Questioning the doxology
Praise God from whom all blessings flow,
Praise him all creatures here below.
Praise him above ye heavenly host,
Praise Father, Son and Holy Ghost . Protestant Doxology, 1674, Reverend Thomas Ken
“You know what I don’t like about God ?” my wife asked me on the way home from a church service last night. I replied that I did not, but was anxious to hear. “It’s all this praising, why is that part of the religion, why does God need this constant praising ?”. She had a point , of course, God, by definition being omnipotent ought to be omnisecure, right ? Why does God need to be praised ? “What got you thinking about this ?” I asked. “Oh”, she said to me,” I was looking at a book by Rick Warren today….”. Whoa, this is one problem with Rayda working at a library. She is surrounded by books, many, if not most, of which contain dangerous ideas. “Warren turns everything into praising God.” Well, Rick Warren I could deal with. I am like most liberal Christians. I have never read a word written by Reverend Warren, but I am positive that it is all nonsense. Narrow minded people may believe that this is abject prejudice (as Dylan said), but we liberals prefer to think of it as prescient.
When God first got started, at least as far as we are concerned, he was not all that interested in praise. After he made Adam and Eve, by the contradictory methods of either of the two authors of Genesis you happen to believe, he did not say anything about praise. He had only one instruction (almost immediately disobeyed) which was not to eat the fruit from a certain tree. Even after he exiled the first couple, he did not mention anything about praising, and it would have been difficult for Adam and Eve to praise a being that they had actually seen walking around their garden in the cool of the evening.
Then a funny thing happened. Attempting to suck up to God, Cain brought an offering to him, and by doing so, invented religion. The first praiser. Of course, the offering was turned down, for reasons ever really explained, and this set in motion another invention of Cain’s, jealousy. Cain went on to invent a third basic tool of humanity, murder, just a couple of verses later. For all of this, Cain was exiled, just as his mother and father had been exiled. This seemed to be the primary punishment God had come up with in those early days. That and pain during childbirth which was not so bad for half of the population.
By the time we reach the critical moment at Sinai, however, praise has pretty much become the focal point of what God is about. It is a quid pro quo arrangement. You praise me and I won’t smite you dead or have you carried into captivity. When God handed down the law, and I always thought that it was a good thing for humans that Moses was up on the mountain advocating for us, or the ten commandments would have been a lot longer and tougher, the first four, fully 40%, are aimed right at praising God. I don’t know what happened to God between Eden and Sinai, but whatever it was, a real degree of narcissism had crept into him.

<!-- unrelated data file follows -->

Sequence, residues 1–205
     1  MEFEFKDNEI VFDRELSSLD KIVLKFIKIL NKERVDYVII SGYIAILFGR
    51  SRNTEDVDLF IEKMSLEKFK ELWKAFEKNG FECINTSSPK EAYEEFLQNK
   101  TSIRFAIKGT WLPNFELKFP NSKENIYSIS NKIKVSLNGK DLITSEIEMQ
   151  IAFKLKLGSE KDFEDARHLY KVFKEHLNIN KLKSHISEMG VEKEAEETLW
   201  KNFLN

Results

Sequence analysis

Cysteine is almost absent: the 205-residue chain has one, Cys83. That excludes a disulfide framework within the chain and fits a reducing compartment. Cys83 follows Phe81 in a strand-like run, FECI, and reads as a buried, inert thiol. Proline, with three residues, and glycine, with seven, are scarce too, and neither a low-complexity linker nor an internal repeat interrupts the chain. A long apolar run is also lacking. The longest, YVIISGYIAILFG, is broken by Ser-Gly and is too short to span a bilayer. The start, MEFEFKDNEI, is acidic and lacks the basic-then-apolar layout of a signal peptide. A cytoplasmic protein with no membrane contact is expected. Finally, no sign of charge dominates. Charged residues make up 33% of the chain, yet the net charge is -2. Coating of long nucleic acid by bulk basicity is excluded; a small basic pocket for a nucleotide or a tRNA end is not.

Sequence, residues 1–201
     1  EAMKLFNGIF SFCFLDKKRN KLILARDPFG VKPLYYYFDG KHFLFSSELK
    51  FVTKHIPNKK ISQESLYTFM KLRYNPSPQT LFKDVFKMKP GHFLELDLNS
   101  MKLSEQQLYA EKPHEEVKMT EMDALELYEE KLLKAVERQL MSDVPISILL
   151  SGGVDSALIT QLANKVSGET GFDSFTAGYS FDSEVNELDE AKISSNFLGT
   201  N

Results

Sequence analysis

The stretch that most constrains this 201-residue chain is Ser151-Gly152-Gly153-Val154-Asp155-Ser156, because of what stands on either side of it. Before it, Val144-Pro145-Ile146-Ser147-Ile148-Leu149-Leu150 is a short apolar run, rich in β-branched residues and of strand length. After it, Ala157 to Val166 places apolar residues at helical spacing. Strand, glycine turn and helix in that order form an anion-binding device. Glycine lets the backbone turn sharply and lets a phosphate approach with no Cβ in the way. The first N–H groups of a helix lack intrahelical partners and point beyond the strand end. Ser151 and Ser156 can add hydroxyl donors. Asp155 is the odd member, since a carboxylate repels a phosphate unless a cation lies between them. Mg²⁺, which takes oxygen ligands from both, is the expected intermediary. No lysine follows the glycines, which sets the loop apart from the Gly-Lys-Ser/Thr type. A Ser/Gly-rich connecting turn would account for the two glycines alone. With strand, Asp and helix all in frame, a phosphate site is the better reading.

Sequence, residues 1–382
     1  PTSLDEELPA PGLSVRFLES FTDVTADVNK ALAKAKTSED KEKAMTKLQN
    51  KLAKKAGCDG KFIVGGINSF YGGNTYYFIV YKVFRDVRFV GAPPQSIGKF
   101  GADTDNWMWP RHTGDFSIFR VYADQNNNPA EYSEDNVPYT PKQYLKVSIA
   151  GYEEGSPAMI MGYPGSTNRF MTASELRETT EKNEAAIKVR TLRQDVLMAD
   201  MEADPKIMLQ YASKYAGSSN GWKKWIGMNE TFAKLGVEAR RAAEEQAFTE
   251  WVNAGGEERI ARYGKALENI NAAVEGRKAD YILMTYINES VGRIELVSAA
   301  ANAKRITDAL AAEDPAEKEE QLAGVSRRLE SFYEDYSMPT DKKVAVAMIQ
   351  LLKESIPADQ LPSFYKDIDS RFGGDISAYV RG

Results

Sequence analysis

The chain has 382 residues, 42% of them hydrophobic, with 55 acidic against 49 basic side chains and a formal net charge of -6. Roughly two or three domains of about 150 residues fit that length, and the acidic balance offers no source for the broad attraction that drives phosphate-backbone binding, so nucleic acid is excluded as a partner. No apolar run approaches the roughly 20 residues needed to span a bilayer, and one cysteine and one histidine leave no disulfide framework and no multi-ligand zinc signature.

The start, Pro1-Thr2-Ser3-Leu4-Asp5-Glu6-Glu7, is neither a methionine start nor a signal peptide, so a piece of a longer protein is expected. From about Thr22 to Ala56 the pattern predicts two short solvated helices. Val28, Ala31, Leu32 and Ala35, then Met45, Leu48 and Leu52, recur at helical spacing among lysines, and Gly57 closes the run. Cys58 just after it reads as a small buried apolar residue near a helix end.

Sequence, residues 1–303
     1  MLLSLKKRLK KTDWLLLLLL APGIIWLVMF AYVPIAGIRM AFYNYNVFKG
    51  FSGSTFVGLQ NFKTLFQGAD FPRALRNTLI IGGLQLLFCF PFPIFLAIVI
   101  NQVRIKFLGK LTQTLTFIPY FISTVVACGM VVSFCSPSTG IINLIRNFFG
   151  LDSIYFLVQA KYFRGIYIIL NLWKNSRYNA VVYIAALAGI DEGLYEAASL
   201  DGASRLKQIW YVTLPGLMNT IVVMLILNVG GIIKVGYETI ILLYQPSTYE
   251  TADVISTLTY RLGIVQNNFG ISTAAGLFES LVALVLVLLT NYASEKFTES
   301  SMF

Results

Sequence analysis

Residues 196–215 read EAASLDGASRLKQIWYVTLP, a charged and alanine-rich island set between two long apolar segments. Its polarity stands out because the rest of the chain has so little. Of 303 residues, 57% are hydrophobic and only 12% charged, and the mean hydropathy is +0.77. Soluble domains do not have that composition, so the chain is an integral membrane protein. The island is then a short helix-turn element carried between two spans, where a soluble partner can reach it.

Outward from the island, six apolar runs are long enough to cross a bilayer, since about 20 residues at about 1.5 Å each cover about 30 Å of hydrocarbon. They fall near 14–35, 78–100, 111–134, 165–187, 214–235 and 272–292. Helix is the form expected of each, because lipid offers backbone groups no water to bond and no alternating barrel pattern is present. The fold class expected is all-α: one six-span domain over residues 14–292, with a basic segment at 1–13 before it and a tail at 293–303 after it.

It appears to me, a non-religious scholar, actually just a non-scholar period, that this unending praising from there on out began more from fear than from faith. I mean here is a God, who is fully capable of drowning almost everyone on the earth, raining down fire and brimstone on cities, turning people into salt and killing all but about two people that he had liberated from Egypt to go on to the promised land. You’d have to be pretty stupid to worship a Golden Calf with that guy around. If he wants praise, better give him praise or your next meal might be in Babylon.
As Karen Armstrong explained, God evolved over time. By the time that Jesus shows up, I really think that the focal point of the religion changed from praise to love. When asked what was the greatest commandment, Jesus did not say to “praise” the Lord they God, he said to “Love” the Lord thy God, and for good measure he threw in something about neighbors. Mainline Protestantism today now actually equates the two, just like the Recording Angel did in the poem, “Abu Ben Adhem”. Like love and marriage, you can’t have one without the other. And loving God seems to be a whole lot more democratic than praising God, more useful too, especially when you can do it through loving your neighbor. Maybe Rayda is right. Maybe the Doxology needs to be changed to “Love God from whom all blessings flow.” My bet is that after all these years he/she (see how we have evolved?) would like that more anyway.